One elderly Nevada man is home, safe and sound, after he used his wits and resources to survive a week trapped alone in his car while a winter storm raged outside.
On Friday, February 24, Jerry Jouret, an 81-year-old Air Force veteran and former NASA employee, was in Big Pine, California, but wanted to return to his hometown of Gardnerville, Nevada. Winter weather had already caused his usual route, Highway 395, to be closed, so if he wanted to get home that day, Jouret and his Ford Escape would have to take Highway 168 instead.
Just a half-hour into what normally would have been a three-hour journey, Jouret made a wrong turn down a remote road off the highway and got stuck in snow. Unable to move his vehicle, Jouret decided to camp out in his car until either the weather relented or someone came to rescue him.
A wise man with a lot of practical experience, Jouret had some water and food as well as warm clothes with him. He also knew to conserve gas and battery power in the vehicle as long as he could, turning the car on for heat for just short bursts of time.
Three days later, the battery in the SUV finally gave out while Jouret was closing a window. At that point, the window remained ajar as snow continued to swirl outside and temperatures fluctuated between the mid-30s and the teens.
By Tuesday, four days after they had last heard from him, Jouret's family had become very worried and filed a missing persons report with the Inyo County Sheriff's Office. Search and rescue teams then intended to begin looking for Jouret the next day but were thwarted by snow.
On Thursday, helicopters from the California Highway Patrol Inland Division Air Operations finally went out in search of Jouret. At noon that day, CHP had tracked a cellular ping from the previous Friday and connected it to Jouret. Using that ping as a general point of reference, aerial teams began to search the area.
The way the helicopter pilots ultimately spotted Jouret's SUV sounds straight out of a movie script. They had been searching for six hours and had just refueled at Bishop Airport when they returned to the general area and noticed something that looked like a rock. Suddenly, a window in the "rock" lowered and a human hand began to wave at them. Jouret had finally been found, seven days after he first got stuck and after three feet of snow had fallen on his vehicle.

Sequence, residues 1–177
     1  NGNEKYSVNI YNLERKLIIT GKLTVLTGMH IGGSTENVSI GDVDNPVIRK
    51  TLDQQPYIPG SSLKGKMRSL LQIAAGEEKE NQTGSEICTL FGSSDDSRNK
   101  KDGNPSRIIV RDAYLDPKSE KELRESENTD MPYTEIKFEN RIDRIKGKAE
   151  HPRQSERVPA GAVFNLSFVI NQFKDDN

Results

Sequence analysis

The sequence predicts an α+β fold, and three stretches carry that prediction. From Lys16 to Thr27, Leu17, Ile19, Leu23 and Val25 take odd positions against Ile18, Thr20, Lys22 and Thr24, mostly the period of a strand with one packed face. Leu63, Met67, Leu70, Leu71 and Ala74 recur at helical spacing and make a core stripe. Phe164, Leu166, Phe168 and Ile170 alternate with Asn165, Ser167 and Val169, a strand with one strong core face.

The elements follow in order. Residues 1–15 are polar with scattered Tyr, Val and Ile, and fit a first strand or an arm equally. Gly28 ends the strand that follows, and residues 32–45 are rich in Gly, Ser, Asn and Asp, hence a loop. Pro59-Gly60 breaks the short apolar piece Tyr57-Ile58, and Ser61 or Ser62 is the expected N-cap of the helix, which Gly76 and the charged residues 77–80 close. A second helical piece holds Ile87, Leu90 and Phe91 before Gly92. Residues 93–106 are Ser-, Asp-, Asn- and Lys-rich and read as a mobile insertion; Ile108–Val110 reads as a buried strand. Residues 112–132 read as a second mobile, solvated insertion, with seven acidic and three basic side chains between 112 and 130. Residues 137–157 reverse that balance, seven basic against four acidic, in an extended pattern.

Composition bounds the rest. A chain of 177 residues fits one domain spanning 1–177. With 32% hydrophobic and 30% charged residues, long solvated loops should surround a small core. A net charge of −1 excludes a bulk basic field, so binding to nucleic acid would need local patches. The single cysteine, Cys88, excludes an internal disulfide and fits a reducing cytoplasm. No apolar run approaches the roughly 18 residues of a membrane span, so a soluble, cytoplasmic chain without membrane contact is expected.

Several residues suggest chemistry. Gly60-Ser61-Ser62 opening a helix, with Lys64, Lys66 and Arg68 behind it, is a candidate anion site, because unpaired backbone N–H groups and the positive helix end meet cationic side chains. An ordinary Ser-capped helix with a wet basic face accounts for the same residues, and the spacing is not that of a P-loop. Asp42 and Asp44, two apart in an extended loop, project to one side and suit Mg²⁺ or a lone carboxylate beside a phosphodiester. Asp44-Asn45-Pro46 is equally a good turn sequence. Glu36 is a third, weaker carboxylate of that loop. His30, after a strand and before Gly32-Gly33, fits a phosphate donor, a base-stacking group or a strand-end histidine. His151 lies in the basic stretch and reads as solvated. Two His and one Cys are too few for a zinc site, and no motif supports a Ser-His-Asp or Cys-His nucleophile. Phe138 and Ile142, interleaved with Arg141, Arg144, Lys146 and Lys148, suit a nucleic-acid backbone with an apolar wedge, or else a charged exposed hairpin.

Within a short time, Jouret was in the helicopter, where he reportedly beamed from ear to ear because finally, after 81 years, he got to take a ride in a helicopter. That thrill ride was short-lived, though, as Jouret had to be transported to a nearby hospital for medical treatment.
Despite the harrowing ordeal, Jouret was discharged from the hospital later that same day.
"The nurses were in awe at how well his vitals were," Jouret's grandson, Christian Jouret, reported. He was "better than anyone could have expected."
Jerry Jouret later told his brother, Joe Jouret, that he survived by eating the candy and croissants he had in his car and by drinking the water he kept on hand, just in case. He also ate snow when necessary.
"I just really believe it was a miracle," Joe said.
Grandson Christian issued a message of hope to everyone who hears about his grandfather's story: "If someone gets trapped, don't give up hope. Some of us thought he was a goner. Never give up hoping. The human body is amazing for what it can endure."
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